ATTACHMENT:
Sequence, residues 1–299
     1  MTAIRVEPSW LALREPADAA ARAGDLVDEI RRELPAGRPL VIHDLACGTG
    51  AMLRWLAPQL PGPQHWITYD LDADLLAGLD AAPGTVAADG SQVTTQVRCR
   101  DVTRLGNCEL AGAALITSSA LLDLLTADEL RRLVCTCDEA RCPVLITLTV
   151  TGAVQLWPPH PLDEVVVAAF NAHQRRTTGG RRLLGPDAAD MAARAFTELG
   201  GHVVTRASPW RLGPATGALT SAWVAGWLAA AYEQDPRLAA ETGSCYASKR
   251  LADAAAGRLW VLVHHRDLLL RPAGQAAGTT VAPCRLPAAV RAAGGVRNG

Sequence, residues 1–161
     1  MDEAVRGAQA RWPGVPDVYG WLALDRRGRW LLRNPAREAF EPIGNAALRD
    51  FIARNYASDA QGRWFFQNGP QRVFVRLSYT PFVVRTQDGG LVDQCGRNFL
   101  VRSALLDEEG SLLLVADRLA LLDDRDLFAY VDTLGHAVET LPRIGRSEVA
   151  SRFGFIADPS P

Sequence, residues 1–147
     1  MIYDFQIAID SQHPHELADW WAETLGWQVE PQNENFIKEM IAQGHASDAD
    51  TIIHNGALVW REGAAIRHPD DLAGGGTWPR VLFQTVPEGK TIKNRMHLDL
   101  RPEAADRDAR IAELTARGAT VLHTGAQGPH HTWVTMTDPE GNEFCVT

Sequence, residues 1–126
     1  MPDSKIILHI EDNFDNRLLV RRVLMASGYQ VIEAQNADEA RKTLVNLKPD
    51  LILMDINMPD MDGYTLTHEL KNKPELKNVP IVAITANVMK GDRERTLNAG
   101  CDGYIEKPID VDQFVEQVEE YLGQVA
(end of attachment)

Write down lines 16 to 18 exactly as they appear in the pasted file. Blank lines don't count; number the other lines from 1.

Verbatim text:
   101  RPEAADRDAR IAELTARGAT VLHTGAQGPH HTWVTMTDPE GNEFCVT

Sequence, residues 1–126
     1  MPDSKIILHI EDNFDNRLLV RRVLMASGYQ VIEAQNADEA RKTLVNLKPD